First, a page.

A NEW report has revealed that taking a walk along our stunning coastline could help us sleep better.
As autumn and winter set in it’s easy to simply lock yourself away with a duvet but it’s not good for your health.
According to the National Trust’s latest research a walk by the coast will have you sleeping on average an extra 47 minutes as well as providing you with feelings of calm (83%), happiness (82%) and a sense of escapism (62%), according to a report out today.
The survey found that 70% of people from Northern Ireland state they fall into a deeper sleep after being by the coast with 68% also saying that memories of the coast help relax their mind.
The research was carried out as part of the National Trust’s Great NI Walk campaign, run in partnership with Cotswold Outdoor, to look at how walking on the coast impacts on our wellbeing and to encourage people to explore our coastline, of which 775 miles, (including over 100 miles (22%) of the Northern Ireland coastline) is cared for by the conservation charity.
To help understand how a walk by the sea affects both our mood and the quality of our sleep, the National Trust has undertaken qualitative and quantitative studies to look at how the sea really impacts upon us.
The research identified that when it came to feelings of wellbeing, 81% of people from Northern Ireland feel happier and healthier after a ramble along the shoreline. A further 84% stated that a coastal walk makes them feel positive about their lives in general.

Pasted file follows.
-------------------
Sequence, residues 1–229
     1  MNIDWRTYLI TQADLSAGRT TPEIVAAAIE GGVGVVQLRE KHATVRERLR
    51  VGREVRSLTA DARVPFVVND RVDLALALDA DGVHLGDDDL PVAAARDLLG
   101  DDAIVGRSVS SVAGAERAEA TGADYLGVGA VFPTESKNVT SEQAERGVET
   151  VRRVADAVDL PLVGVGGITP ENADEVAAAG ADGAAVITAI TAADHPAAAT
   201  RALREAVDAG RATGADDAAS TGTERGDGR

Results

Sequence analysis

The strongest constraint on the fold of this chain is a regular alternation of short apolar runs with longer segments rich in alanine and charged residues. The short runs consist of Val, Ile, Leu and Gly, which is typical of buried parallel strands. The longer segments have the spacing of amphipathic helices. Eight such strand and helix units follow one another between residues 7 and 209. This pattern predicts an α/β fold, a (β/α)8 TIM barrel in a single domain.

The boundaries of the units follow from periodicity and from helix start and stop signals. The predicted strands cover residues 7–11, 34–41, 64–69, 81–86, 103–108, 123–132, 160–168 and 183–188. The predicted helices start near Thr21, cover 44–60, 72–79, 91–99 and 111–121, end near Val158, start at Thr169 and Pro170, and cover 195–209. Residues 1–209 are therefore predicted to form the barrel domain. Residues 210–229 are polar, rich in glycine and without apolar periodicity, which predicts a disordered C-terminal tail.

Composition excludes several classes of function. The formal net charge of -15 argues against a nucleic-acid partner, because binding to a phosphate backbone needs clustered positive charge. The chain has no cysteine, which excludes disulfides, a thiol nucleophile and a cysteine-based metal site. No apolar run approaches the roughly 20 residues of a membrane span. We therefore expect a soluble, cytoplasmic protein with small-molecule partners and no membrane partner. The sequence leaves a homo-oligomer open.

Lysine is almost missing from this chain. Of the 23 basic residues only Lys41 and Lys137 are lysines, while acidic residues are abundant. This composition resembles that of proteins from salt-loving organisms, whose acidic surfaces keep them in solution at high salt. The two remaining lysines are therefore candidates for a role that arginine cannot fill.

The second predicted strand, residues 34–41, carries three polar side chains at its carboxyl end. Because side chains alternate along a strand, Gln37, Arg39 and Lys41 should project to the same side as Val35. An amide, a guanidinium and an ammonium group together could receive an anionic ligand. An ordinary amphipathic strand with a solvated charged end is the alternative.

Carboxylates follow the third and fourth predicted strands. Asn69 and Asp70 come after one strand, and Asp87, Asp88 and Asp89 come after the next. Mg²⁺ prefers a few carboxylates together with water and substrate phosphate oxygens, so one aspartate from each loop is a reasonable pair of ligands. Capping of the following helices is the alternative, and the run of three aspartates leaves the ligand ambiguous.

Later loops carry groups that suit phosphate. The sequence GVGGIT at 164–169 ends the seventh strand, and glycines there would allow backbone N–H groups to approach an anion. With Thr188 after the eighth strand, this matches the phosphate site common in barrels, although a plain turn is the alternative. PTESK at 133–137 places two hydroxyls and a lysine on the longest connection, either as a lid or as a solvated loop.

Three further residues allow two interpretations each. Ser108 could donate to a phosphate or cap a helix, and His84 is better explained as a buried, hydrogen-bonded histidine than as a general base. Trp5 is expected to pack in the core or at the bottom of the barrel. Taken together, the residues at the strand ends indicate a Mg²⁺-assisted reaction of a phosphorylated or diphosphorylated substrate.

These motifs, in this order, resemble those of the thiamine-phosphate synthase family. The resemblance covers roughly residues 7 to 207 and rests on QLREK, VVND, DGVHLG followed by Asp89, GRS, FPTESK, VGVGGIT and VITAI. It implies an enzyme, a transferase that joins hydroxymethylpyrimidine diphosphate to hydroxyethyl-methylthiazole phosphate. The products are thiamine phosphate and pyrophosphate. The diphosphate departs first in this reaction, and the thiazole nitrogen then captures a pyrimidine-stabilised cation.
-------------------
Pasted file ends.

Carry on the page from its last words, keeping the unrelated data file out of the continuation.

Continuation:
Speaking of the report Sleep, Mood & Coastal Walking Environmental Psychologist Eleanor Ratcliffe said: “Coastal walkers are getting more sleep, and are more likely to show increased sleep quality and morning alertness.
“In addition, coastal walkers associated their walks with family, childhood memories and the anticipation of holidays.
“It’s clear that there is something special about the coast, particularly as a place to escape to, that can allow people to boost their mood, relax and sleep in.”
The Sleep, Mood and Coastal Walking report also delved into how and what coastal walkers think about when strolling along the shore.
4 Things We Think About When Walking At The Coast:
Walking by the sea triggers memories associated with people close to the walker, such as parents, children or other family members, as well as their own childhood. These memories were often reflective and described different times and stages of life.
Walking by the coast is related to qualitative perceptions of happiness and calmness or relaxation. Emotional reactions to inland walks were almost universally positive, while emotional responses to the coast were sometimes bittersweet or nostalgic.
Coastal and inland walkers both used their walk as an opportunity to think and reflect, with coastal walkers more uniformly receptive to reflective thought processes.
Sense of escape
Despite using the walk as an opportunity to reflect on important matters, walking was also associated with feelings of freedom and escape for many participants. Comments from coastal walkers suggest that the coast still retains the associations and romance of a holiday destination.